Page 1248 - Week 04 - Thursday, 5 May 2022
Whilst the inquiry is a critical body of work, I recognise that it will necessarily take some time to conduct properly and make a report on its work. I am grateful to the ANMF for the productive conversations that we have had over recent weeks, and I am very optimistic that the work will make long and lasting impacts on how we provide services in what can be a complex and challenging environment.
It is clearly important that the inquiry reflects on the recent history at Dhulwa and learns any lessons that need to be applied. However, it is also crucial that the inquiry and its subsequent report talk to us about the future. To be absolutely clear, I am committed to getting this work done as quickly as is safely possible. It is, however, important that the work is done properly and the expert team that we appoint has the space, time, freedom and flexibility to complete its work in a way that respects all opinions, hears all perspectives, deals with the complexity of providing services in a place like Dhulwa and helps to place us on a path to a brighter future for Dhulwa.
I do not agree that this matter should be referred to the standing committee right now, as Ms Castley outlines in her motion. There may be validity in the committee looking at the topic in the future, but I do not believe that concurrent inquiries would be helpful at this stage. We have initiated an independent and expert-led inquiry with a wide remit to look at clinical, legal and governance frameworks, and it is important that it is able to complete its work.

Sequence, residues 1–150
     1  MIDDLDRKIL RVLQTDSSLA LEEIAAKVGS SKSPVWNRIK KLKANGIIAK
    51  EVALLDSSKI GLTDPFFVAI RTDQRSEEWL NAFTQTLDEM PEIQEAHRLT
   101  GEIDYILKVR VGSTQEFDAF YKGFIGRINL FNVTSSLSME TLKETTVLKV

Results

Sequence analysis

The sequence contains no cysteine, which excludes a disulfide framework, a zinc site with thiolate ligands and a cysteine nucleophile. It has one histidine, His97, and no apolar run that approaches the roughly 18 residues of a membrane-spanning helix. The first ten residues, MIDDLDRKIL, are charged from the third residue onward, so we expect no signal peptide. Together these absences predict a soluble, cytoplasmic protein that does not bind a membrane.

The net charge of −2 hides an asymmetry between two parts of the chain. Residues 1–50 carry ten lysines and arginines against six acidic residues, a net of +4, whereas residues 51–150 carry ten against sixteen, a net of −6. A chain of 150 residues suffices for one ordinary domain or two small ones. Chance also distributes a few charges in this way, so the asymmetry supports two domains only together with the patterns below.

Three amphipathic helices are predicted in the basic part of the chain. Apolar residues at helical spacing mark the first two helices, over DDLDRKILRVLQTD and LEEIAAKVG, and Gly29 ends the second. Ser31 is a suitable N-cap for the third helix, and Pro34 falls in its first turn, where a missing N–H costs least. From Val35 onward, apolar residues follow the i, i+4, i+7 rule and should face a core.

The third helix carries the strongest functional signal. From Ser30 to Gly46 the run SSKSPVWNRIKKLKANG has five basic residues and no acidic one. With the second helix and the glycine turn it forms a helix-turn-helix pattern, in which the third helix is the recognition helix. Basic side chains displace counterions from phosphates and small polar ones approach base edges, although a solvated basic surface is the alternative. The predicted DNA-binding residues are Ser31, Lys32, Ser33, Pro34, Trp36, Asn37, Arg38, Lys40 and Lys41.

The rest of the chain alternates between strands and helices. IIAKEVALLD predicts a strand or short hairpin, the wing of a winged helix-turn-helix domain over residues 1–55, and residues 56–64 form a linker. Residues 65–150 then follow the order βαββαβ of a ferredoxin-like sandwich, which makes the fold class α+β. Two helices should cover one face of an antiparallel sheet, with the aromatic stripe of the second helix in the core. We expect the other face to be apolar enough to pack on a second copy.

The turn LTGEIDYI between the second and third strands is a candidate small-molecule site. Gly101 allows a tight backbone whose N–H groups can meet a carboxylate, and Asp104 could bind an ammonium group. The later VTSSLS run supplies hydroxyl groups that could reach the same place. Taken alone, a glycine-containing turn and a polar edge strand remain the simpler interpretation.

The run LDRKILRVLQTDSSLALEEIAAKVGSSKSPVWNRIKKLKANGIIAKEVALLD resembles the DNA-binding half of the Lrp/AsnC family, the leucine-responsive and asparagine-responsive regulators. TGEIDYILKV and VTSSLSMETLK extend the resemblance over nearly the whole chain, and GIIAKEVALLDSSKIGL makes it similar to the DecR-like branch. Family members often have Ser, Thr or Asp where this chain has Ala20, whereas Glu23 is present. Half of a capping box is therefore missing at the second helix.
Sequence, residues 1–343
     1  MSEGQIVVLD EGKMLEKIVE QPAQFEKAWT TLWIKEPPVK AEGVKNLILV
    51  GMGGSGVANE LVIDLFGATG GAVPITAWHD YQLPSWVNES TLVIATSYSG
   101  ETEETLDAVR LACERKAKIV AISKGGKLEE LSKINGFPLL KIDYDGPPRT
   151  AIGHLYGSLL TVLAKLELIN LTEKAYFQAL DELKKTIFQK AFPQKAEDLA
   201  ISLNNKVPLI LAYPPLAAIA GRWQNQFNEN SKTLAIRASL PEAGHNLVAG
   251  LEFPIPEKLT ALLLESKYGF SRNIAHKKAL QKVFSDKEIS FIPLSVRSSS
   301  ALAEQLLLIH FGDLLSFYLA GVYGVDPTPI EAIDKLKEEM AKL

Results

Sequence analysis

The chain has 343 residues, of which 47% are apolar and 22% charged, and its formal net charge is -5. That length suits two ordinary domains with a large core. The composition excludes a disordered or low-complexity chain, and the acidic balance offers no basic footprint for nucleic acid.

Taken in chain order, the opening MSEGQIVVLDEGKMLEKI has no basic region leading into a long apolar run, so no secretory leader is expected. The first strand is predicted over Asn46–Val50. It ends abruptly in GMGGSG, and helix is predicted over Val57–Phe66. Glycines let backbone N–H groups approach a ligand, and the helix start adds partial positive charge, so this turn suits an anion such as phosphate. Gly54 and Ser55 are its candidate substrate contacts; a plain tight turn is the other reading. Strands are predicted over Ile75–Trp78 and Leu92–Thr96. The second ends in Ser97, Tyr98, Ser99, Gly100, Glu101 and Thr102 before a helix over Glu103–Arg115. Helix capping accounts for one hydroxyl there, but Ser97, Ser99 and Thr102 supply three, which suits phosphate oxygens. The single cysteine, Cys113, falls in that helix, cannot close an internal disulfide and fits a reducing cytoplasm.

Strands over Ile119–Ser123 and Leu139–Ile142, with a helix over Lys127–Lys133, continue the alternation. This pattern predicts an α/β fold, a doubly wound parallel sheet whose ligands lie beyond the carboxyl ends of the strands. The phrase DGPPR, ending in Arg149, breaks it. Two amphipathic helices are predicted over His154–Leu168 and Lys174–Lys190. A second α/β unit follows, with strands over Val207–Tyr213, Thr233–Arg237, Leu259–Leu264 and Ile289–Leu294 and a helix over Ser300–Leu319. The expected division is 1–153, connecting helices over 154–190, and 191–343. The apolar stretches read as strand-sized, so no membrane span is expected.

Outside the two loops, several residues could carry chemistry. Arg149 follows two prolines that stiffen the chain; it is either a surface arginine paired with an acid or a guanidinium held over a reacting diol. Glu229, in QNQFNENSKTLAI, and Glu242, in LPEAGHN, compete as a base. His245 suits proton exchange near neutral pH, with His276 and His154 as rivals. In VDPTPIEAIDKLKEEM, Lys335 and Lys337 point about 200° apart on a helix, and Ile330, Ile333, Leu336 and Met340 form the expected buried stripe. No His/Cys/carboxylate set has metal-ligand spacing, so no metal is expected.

Mental health service delivery is hard work, and I value the work that our dedicated staff do every day. I am committed to supporting the inquiry and I am committed to ensuring that the inquiry’s work places Dhulwa in a position to be a nation-leading mental health facility, a place where people aspire to work and a place which delivers consistently high quality outcomes for the people who use its services.
MR DAVIS (Brindabella) (11.13): I rise in support of the amendments circulated by Minister Davidson. In doing so I congratulate comrades in the ANMF on their hard work and advocacy on behalf of their members to secure an inquiry, as their members suggested, which is why I was surprised to see this motion on the notice paper this week.
To take members through it, or anyone listening, just one more time, the chronology of this is rather clear. On 5 April the Australian Nursing and Midwifery Federation asked the government to conduct an inquiry. On 2 May, less than one month later, the union succeeded in their representations to the government, and the government has committed to conducting such an inquiry. It is not a closed shop, behind closed doors inquiry; it is an inquiry in which the union have been engaging with the minister to establish the terms of reference that suit the union, an independent chair that suits the union, and it is advised by expert evidence.
This is, in fact, a perfect and timely demonstration of the power of working people collectively organising, joining their union and making representations to government. It is a reflection of how a progressive Labor-Greens government responds to working people when they make such representations, because within a month an inquiry has been launched.